Lenny’s Casita fills an L.A. kosher food gap

Street-style tacos and optional drone delivery make kosher Mexican hip and upscale


BP Photo by Avi Litvak

NEON: Lenny’s bright sign can be seen — and noticed — from down Pico Boulevard.

By Avi Litvak, Staff Writer

When Mexikosher closed three years ago, it was a dagger into the taco-loving heart of LA Jews who longed for a kosher Mexican spot. Now, Lenny’s Casita, which opened in 2020,  is greater than Mexikosher ever was. 

The menu combines classic Mexican street food with kosher favorites like ribs and stuffed pita, while finding a healthy middle ground between fancy and casual through atmosphere and mood. It feels more like a sit-down outing than most kosher restaurants, but the music and indoor-outdoor flow keep the mood upbeat.

Upon walking into Lenny’s, the first thing you’ll notice is the exuberant energy. It’s a party, and it is clear that the staff enjoys working there.  An ongoing blast of contemporary hip-hop classics adds to the aura, but thankfully the music is muffled by customer voices.  The Spanish word casita means “house,” and as Lenny Nour, the founder, owner and chef, explained it in his blog, “the name encapsulates everything that we do, making people feel like they are a guest in our home.”

With almost a dozen options, covering multiple meat, sauce and shell varieties, there’s a taco for everyone.

The restaurant’s layout contributes to its congeniality. Seating consists of mostly outdoor tables, occupying a sizeable section of the sidewalk. There’s a hedge of artificial plants to act as a barrier between the dining area and busy Pico Boulevard, which creates a somewhat indoor dining experience.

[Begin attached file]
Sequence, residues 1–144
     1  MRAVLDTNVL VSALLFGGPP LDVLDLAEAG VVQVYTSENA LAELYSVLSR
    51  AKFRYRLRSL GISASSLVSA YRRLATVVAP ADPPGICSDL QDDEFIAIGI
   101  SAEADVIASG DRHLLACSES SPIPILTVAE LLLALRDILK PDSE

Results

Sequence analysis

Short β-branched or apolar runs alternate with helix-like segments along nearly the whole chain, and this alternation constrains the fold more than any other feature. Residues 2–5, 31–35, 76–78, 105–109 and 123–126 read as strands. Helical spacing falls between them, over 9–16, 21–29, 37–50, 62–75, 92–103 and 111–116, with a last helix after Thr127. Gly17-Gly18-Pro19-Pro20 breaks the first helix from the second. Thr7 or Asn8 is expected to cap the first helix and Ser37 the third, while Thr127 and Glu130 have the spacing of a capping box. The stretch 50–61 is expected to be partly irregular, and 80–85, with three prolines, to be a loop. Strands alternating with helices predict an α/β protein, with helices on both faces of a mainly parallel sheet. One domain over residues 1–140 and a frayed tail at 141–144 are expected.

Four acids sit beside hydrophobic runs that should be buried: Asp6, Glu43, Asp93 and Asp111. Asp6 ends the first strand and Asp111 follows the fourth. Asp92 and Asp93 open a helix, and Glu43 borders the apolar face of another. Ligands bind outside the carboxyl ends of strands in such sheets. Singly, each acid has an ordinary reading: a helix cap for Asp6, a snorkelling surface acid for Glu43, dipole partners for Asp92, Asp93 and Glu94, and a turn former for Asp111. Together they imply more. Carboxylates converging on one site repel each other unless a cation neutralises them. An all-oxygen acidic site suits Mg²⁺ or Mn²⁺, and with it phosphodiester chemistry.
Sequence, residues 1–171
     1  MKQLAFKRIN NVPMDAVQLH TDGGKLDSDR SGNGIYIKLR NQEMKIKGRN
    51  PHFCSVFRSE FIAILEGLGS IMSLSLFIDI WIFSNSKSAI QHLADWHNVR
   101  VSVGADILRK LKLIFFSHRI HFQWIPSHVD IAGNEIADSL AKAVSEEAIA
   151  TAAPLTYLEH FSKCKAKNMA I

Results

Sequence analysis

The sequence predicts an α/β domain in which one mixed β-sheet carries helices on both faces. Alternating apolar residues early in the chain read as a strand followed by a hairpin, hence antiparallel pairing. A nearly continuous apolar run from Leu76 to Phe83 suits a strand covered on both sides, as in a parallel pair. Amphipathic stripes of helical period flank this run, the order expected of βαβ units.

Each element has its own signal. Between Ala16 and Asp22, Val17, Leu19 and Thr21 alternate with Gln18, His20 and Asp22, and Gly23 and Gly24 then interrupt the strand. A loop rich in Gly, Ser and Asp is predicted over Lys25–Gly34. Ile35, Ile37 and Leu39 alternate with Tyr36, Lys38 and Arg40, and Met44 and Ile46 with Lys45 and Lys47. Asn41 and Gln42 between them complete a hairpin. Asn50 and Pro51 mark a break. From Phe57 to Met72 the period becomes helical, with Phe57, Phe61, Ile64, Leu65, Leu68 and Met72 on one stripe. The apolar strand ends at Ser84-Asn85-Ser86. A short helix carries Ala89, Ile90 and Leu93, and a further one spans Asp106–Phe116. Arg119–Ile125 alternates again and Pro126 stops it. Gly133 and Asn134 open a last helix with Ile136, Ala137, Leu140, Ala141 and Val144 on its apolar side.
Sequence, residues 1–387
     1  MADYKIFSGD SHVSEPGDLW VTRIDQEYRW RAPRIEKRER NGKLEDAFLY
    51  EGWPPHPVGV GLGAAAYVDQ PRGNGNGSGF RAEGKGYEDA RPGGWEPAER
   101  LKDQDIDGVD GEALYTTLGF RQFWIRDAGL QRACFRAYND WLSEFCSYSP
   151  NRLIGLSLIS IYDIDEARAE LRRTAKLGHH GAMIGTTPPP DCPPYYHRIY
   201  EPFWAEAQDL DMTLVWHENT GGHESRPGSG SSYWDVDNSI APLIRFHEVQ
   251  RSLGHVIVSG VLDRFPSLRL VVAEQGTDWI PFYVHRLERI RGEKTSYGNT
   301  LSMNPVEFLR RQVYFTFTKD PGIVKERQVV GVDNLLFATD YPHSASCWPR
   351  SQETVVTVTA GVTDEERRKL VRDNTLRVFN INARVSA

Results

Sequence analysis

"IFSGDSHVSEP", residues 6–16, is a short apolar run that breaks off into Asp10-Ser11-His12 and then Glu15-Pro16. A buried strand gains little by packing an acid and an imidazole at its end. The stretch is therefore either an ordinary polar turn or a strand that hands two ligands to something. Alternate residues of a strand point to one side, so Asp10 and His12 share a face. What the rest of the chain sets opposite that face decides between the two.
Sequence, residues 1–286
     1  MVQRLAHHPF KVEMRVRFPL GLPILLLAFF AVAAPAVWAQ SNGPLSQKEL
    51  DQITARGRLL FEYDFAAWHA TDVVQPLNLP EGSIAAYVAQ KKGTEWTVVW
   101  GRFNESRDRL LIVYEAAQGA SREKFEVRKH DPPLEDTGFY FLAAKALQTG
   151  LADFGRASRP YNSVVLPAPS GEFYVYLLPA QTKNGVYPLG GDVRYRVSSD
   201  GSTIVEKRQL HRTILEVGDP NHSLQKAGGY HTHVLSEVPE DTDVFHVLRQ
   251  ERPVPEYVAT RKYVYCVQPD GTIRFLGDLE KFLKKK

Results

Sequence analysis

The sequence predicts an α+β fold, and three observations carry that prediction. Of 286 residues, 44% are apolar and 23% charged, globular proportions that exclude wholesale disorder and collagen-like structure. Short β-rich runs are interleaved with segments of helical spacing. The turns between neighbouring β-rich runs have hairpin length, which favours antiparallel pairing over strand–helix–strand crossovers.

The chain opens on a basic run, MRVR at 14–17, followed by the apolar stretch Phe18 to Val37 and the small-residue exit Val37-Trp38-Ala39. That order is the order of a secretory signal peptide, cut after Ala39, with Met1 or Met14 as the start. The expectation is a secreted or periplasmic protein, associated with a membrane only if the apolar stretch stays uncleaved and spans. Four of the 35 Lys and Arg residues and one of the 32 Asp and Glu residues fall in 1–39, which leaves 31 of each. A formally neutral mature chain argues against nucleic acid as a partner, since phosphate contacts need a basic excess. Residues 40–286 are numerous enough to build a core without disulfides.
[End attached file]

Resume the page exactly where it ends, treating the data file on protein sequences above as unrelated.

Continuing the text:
There are more tables than you’d think a place of that size would need, but on an ordinary weeknight, each one is full. The staff might even pull out benches and set up temporary tables on a particularly crowded day.

Food usually arrives less than 10 minutes after ordering via the QR code on each table, an impressive statistic for a popular restaurant. This contemporary method for purchase doesn’t account for beverage buying, however. If you want a drink you have to get up and grab it from the fridge and pay for it separately.

Their newest dish, the $15 Kosher Crunchwrap Supreme, is modeled after the popular Taco Bell Crunchwrap Supreme and is an upgraded rendition of fast food. It’s more expensive and probably better quality, and its surplus of ingredients wrapped in a flour tortilla with a choice of meat, salsa and corn tostada make it a lavish spin on a well-known classic.

Lenny’s doesn’t restrict itself to just Mexican food, however. The Arayis, which are four pitas stuffed with Mediterranean spiced ground beef, are served with pico de gallo and makes for an unorthodox yet tasty blend Mexico and Middle East. The menu continues the trend of blending Mexican and other cultures’ foods with the Bazaar Bowl, which is described as the “Ultimate Mediterranean bowl,” but incorporates carne asada.

MEAL: The fried chicken sandwich with its included side of fries, priced at $24, and three chicken chalupas, priced at $18, sit on a table positioned at the edge of the sidewalk. (BP Photo by Avi Litvak)